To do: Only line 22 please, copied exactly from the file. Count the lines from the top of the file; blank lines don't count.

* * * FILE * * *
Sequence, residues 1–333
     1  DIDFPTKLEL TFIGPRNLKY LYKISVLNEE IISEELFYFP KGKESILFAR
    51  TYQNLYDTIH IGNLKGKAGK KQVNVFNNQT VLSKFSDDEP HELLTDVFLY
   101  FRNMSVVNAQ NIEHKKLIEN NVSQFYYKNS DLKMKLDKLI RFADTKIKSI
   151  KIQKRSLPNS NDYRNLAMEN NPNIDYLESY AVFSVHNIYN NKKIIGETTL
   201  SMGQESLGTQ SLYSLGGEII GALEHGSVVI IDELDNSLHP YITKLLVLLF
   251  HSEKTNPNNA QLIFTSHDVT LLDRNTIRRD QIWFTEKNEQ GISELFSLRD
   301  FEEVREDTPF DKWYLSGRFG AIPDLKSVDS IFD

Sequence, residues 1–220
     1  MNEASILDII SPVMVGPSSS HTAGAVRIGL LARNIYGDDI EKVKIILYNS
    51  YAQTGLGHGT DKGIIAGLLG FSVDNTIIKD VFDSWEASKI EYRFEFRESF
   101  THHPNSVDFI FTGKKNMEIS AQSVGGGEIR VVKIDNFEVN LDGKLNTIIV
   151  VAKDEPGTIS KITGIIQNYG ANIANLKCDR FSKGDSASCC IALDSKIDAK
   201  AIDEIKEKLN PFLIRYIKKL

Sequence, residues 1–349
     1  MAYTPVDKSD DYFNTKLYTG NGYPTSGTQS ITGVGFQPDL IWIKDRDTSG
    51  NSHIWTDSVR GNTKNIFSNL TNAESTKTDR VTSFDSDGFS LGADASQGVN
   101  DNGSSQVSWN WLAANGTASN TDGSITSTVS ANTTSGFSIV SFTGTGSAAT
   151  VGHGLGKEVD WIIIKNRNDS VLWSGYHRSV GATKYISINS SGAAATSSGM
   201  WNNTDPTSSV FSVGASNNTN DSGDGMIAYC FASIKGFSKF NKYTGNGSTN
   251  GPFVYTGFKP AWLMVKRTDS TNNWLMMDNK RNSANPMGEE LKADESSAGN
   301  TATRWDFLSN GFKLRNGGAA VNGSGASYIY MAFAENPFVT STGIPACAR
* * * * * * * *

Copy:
   301  TATRWDFLSN GFKLRNGGAA VNGSGASYIY MAFAENPFVT STGIPACAR